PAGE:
And even long after most major Linux distros have decided to 32-bit hardware behind, you can expect there to be a niche distro out there for relatively ancient devices. That’s simply how the Linux world works.

That Said, It May Be Time to Move On

Linux isn’t forcing you to give up your 32-bit apps, but some of the more modern distros are making that effort. If you want the newest experience open source desktops have to offer, you may soon want to retire an aging PC.

I know this may be frustrating if you switched to Linux just to keep your aging PC alive forever. But even if you’re not particularly concerned about the latest features, you may increasingly encounter bugs or other frustrations that stem from lack of support 6 Reasons Your Favorite Linux OS Is Plagued by Bugs You found a new Linux operating system to try, and you loved it. But then it went wrong. Sometimes Linux gets buggy after a month or two. The question is, why? Read More .

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  1. Lex Barringer
    January 29, 2020 at 7:29 pm

    Actually, you goofed on the 18 billion Gigabytes.

    The proper term would be Gibibytes (base 16) and not Gigabytes (base 10), also, it's not 18 but 16. True 64-bit memory addressing allows up to 16 Exbibytes (base 16) not Exabytes (base 10). However, the caveat is this, the highest end CPUs can't handle more than 256 Pibibytes and those are custom military CPU. The commercial market, the max that I've seen it 4 Tibibytes and that's pushing it. Today's commercial market on the high end sever market, getting up to 1 Tibibytes is possible but most are up to 256 Gibibytes and under. On the Intel x299 workstation boards depending on the CPU and board style would be 32 Gibibytes to 128 Gibibytes in RAM.

    On another subject, 32-bits and all the variants of said hardware on the AMD and Intel side are enough to give developers serious headaches. In the coming years, when you get the newer 64-bit computers, they will have the inability to run 32 bit applications, simply put, the CPUs will be removing 8, 16 and 32 bit instructions, registers, etc. This will cut down on power consumption because there is less items activated when the CPU is running. Running 64-bit all the time, that will lessen incompatibilities, lending to better more solid hardware drivers.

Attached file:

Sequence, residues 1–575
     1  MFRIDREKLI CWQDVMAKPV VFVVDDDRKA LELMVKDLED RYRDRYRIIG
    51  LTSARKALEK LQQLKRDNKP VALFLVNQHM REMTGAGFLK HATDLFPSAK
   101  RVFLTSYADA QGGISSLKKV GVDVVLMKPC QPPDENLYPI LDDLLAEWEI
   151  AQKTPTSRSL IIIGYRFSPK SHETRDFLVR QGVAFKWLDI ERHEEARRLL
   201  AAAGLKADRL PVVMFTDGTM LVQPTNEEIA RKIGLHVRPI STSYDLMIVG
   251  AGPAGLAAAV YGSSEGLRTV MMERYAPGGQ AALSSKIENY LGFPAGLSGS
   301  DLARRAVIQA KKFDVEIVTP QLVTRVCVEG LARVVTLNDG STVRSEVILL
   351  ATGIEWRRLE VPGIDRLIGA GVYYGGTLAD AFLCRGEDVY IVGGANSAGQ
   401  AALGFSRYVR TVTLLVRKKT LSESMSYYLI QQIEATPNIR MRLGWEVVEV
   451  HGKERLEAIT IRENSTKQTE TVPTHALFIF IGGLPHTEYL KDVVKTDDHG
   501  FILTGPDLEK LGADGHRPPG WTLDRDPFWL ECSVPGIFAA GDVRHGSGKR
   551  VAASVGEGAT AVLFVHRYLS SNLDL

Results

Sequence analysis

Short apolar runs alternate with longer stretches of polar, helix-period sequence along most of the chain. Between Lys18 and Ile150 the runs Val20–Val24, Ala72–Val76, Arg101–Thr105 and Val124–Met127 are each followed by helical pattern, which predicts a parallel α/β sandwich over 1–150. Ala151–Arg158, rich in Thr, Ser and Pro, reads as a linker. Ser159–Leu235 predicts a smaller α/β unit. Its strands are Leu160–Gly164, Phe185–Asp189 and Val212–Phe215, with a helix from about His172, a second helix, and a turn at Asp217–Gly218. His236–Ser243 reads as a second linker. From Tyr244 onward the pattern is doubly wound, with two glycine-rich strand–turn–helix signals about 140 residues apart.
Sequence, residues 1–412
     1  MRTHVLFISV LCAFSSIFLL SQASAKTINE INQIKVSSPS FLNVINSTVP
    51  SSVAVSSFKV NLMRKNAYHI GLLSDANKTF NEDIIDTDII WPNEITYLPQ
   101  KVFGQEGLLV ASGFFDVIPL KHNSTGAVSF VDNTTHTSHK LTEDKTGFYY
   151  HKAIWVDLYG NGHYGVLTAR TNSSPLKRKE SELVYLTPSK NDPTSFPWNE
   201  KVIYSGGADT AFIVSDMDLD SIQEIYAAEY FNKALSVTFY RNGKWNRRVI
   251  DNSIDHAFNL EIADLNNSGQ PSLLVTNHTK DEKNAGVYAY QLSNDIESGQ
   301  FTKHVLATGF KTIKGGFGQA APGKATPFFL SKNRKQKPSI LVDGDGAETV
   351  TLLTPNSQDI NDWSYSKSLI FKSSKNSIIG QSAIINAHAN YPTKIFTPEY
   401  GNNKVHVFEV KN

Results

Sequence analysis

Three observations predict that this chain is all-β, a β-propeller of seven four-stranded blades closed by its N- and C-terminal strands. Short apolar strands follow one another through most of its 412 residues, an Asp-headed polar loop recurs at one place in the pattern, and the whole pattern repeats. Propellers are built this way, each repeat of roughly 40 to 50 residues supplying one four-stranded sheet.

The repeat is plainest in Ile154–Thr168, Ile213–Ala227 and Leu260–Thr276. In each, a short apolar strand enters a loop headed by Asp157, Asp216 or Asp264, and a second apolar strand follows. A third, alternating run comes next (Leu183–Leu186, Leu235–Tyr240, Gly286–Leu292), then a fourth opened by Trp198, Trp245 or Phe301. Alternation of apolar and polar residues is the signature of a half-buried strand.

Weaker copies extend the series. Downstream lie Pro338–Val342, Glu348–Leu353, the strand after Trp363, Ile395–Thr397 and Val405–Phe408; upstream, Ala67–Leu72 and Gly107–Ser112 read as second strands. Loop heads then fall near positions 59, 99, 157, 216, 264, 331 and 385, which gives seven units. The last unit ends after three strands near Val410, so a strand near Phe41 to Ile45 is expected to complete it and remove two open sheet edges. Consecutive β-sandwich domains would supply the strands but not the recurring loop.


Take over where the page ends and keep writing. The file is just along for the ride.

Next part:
2. Guy
    June 11, 2019 at 8:21 pm

    Arch linux officially removed the 32 bit versions. But there is a community maintained continuation of it at So you can keep all those computers that had Celerons and other 32 bit processors working. Arch is a rolling distribution so you do get more updates than using Ubuntu LTS 1604 with minor updates. So check it out at

  3. Isaac
    June 13, 2018 at 5:18 pm

    While this is decent information, I feel that it's aimed at new linux users and home users only.
    Most Linux users that are concerned about 32/64bit version issues are looking at Business applications and the corresponding issues. I see no mention of RHEL 7 only on 64bit now...

  4. Doc
    June 12, 2018 at 5:49 am

    "...32-bit machines can’t handle more than 4GB."
    Wrong. Many 32-bit CPUs released close to the first 64-bit CPUs featured PAE (Physical Address Extension); this got very little press coverage since Microsoft refused to enable it in Windows outside of Server editions.

    • Lex Barringer
      January 29, 2020 at 7:33 pm

      You're assuming they're using Intel and AMD but the Linux kernel has been created for other systems, too. There are 32-bit systems out there with memory management units (MMUs) that have multiple CPUs with it's own memory space within the 4 GiB boundary, there is a supervisor CPU that can handle all the memory that the other CPUs use, as it controls the MMU as well. Some of the these units have 512 Gibibytes of RAM and a crapload of CPUs.

      These designs are primarily found in older super computers.

  5. Cogrege
    June 12, 2018 at 12:29 am

    Seven or eight years ago I did some research to see if my four older laptops could be updated from 32bit to 64bit with a newer CPU, and yes they all could. I went to YouTube to see how each laptop could be broke down and have the cpu replaced, then ordered the used cpu's and upgraded wifi cards and Memory strips on eBay, then tore apart the laptops and did the upgrades and Ka Boom. All four are back in the game and faster than ever and able to use any 64bit Ubuntu/Linux distro. Do not lament the loss of your favorite 32bit distro, you can do it too.

  6. Slack4life
    June 6, 2018 at 7:21 am

    Don't forget, the beauty of open source is that you can compile updated apps from source code. I know that many of the new distros install everything automagically, but building for 32-bit shouldn't be too difficult, unless the developers include 64-bit dependencies.

    • dragonmouth
      June 6, 2018 at 4:45 pm

      That may be true but not everyone has the expertise to compile apps from source.

  7. dragonmouth
    June 5, 2018 at 11:23 pm

    With the disappearance of 32-bit distros, I am about to release about 20 PCs into the e-waste stream.

    Interestingly, I have had two 64-bit machines go belly up on me in the last couple of months while all my 32-bit PCs keep humming along. Even couple of i386s.

    June 5, 2018 at 3:51 pm

    There is another big reason to use 32 bit Linux that did not get discussed and that's space and memory optimization. If the machine or virtual machine is only ever going to have 4gb or less of memory then there is no reason to have applications compiled with 64 bit support which means they take up about half as much storage space which may be at a premium on a web hosting cos for example, it takes up less ram as well because memory doesn't have to be addressed in 64 buts which means you can use half the address space making apps use less ram. Even if you use a 64 bit CPU it can still be advantageous to use 32 bit Linux to save space and thus money.